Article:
- Coincidental Broadcast: The radio that Mr. Cavanaugh turns on at the inn is completely silent until it picks up a BBC broadcast announcing the German breakthrough and the British evacuation from Dunkirk.
- Dramatic Gun Cock: Diessen quietly cocks the hammer to his sidearm before his second interview with John. Later we find out that this was so he could shoot John if John proved too uncooperative after Diessen revealed his secret.
- Even Evil Has Loved Ones: Diessen is not exactly a good guy, seeing as how he quite calmly has a man shot right in front of John's face. But he does have a little niece that he wants to get out of German territory.
- For Doom the Bell Tolls: The tolling bells that introduce the BBC broadcast certainly set a mood of foreboding.
- Gilligan Cut: Ronnie warns of Sheila's tendency to get sick and vomit on trains. Sheila says "I don't either!" Cut to the train, where John shouts "Well, has no one ever seen a child sick before?" to the onlookers as Sheila lies curled up in his lap.
- Grumpy Old Man: Monty Woolley specialized in this sort of role. Here he plays John, a cranky old Englishman who yells at people a lot and insists that there is an American state called "Rochester". Eventually we find out that he's a former government official rather bitter about not being hired for duty in this war, and that he's also grieving for his son, an RAF pilot shot down in France.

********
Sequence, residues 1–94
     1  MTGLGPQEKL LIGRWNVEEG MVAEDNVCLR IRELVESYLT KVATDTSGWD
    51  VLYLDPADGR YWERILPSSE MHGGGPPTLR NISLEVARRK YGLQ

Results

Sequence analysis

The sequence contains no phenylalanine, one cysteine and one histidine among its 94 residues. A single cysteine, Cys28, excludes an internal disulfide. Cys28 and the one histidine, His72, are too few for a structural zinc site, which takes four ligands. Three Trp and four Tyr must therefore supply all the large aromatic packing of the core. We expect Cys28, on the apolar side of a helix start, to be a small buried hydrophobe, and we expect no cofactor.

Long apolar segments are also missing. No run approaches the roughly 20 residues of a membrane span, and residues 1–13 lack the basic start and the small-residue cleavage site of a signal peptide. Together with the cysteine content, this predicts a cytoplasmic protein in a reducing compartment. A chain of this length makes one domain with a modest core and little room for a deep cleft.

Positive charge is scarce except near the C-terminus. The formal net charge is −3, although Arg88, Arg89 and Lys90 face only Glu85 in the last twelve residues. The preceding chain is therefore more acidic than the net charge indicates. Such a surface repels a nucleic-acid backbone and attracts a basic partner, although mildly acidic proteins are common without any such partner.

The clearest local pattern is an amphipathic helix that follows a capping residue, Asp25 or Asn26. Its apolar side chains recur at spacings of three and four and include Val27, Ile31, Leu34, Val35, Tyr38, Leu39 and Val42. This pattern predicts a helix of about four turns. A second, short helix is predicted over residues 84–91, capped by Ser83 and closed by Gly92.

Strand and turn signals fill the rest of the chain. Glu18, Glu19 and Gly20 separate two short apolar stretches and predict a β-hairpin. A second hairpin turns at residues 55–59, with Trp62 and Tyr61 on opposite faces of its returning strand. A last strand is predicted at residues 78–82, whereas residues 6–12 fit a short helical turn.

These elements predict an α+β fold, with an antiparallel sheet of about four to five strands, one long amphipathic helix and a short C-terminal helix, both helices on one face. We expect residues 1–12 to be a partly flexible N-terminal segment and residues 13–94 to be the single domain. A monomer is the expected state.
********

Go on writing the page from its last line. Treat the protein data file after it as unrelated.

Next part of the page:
- Plot Hole: So, Maj. Diessen took his seven-year-old niece on campaign with him, did he? His half-Jewish niece?
- Road Trip Plot: For the first 2/3 of the movie, as John and his increasingly large group of children go on an increasingly difficult journey to the port of Brest. The last act involves John, Nicole, and the children being held captive by the Germans.
- Secret Test of Character: Major Diessen pours scorn on John's plan to take the children to England and thence to the United States, but John insists that no, the United States will take child refugees. Then Major Diessen claims that Pierre is Jewish (the film never does clarify whether or not that's true) and says that surely John isn't going to take a Jewish child with him and that the USA wouldn't take a Jewish child refugee anyway. John again insists that yes, America would take a child refugee regardless of race or creed. Then Major Diessen springs the surprise. He will let John go and even allow him to get on a fishing boat and take the children to England, but only if John takes one more child: Diessen's 7-year-old niece, who is half-Jewish.
- Stiff Upper Lip: The last scene shows John safely back in England, in a Smoky Gentlemen's Club with a few of his friends, calmly reading a paper as bombs fall on London.
- Thousand-Yard Stare: The fourth child John picks up is Pierre, a boy who was on the bus with John and the others when it was strafed by a German plane. Both his parents were killed. Pierre is rendered temporarily deaf and mute, staring off into space.
- Trust Password: John and Nicole recognize Fouquet, the man who's supposed to take them on a boat back to England, when he enters the inn where they're waiting and makes a specific food order.